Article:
Founded in 2008, the News Literacy Project (NLP) helps students and teachers discern fact from fiction in the digital age. In May 2016, the project launched Checkology, an online interactive course that helps students understand and appreciate the role of the press, introduces them to different types of news—from entertainment to opinion to branded content—and teaches them the critical thinking skills they’ll need to spot misinformation.
First Draft—a project of the Shorenstein Center on Media, Politics and Public Policy based at Harvard University’s John F. Kennedy School of Government—uses research-based methods to fight misinformation and disinformation online.
Read to Lead, a free award-winning supplemental reading program from Classroom, Inc., is designed to increase literacy, leadership, and 21st-century skills. This research-based program embeds social–emotional learning throughout its modules by developing students’ decision-making, empathy, and goal-setting abilities, all while increasing their reading skills.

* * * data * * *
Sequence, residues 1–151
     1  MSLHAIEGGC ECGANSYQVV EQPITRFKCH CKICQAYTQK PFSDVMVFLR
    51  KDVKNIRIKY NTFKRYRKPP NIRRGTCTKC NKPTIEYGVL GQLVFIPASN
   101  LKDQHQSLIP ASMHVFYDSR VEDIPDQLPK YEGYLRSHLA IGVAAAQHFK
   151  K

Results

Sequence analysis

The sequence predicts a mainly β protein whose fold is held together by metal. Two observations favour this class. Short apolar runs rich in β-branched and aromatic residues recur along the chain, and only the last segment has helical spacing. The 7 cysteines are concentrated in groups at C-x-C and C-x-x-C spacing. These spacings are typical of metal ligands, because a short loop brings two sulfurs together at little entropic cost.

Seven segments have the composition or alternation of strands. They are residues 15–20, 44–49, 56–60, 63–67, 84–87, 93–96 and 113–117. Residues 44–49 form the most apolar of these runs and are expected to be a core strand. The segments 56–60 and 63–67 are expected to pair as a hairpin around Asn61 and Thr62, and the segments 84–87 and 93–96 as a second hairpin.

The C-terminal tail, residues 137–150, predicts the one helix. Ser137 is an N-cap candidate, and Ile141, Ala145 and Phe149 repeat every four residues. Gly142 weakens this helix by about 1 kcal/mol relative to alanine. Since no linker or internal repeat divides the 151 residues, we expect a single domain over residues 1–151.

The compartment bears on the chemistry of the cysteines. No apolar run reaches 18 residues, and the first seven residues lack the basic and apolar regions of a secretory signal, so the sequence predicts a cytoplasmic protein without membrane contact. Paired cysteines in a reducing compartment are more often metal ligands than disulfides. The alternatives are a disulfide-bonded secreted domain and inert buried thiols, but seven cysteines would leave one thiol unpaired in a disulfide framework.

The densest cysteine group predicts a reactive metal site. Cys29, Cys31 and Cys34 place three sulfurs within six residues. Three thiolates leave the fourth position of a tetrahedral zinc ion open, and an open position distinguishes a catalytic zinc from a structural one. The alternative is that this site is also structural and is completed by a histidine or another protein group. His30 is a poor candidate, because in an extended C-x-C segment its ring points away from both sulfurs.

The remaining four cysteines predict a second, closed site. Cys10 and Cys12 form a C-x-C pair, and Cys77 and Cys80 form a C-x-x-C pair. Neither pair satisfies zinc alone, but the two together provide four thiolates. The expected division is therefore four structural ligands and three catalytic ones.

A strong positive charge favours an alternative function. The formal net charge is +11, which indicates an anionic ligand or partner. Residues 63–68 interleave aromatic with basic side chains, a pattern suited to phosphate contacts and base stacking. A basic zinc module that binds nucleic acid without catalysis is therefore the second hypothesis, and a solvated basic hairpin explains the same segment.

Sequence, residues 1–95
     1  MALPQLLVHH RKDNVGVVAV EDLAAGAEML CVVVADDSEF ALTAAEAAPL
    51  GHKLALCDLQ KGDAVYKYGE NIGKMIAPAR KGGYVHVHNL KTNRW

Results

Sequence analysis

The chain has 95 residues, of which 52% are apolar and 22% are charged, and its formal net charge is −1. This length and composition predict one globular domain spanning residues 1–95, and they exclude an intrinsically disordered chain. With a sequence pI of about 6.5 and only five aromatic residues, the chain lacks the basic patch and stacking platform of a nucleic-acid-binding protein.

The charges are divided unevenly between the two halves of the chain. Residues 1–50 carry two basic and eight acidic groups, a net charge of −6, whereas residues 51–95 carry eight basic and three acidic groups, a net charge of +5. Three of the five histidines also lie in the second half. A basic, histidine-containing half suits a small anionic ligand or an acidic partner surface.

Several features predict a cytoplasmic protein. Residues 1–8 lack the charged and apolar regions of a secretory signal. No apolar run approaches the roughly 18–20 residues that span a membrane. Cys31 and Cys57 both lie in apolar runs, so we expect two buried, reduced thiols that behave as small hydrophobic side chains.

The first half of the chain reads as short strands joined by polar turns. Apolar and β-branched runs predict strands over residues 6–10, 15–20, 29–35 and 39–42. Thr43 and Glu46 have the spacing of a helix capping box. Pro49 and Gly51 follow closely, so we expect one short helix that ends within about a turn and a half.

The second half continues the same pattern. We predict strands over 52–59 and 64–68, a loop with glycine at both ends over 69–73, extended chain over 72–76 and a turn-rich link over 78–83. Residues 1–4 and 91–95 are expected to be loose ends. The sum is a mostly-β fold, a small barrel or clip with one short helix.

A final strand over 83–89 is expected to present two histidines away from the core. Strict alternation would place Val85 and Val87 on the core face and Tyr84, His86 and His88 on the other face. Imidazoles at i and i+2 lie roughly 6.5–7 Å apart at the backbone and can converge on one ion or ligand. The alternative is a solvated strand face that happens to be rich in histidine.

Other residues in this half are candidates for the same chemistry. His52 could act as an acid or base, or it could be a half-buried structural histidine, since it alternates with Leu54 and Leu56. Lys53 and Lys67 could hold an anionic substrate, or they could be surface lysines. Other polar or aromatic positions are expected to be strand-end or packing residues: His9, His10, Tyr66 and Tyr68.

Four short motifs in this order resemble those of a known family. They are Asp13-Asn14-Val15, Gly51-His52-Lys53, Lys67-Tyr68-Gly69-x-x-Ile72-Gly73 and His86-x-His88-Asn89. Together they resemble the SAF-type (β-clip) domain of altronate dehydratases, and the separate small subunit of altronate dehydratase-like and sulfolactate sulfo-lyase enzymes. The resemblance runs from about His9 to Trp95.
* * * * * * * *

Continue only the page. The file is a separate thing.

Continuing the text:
NewsFeed Defenders,by iCivics and FactCheck.org, is a freemedia literacy game that engages students with the standards of journalism, showing them how to spot a variety of methods behind the viral deceptions they face today. To play the game, students join a fictional social media site focused on news and information, where they meet challenges to level up from guest user to site administrator.
National Public Radio’sfirst-ever NPR Student Podcast Challenge is a chance for teachers and students in grades 5–12 across the country to turn their classrooms into production studios, their assignments into scripts, and their ideas into sound. To participate in the challenge, students need to produce a podcast of three to twelve minutes in length on their smartphone or computer, with easily available software.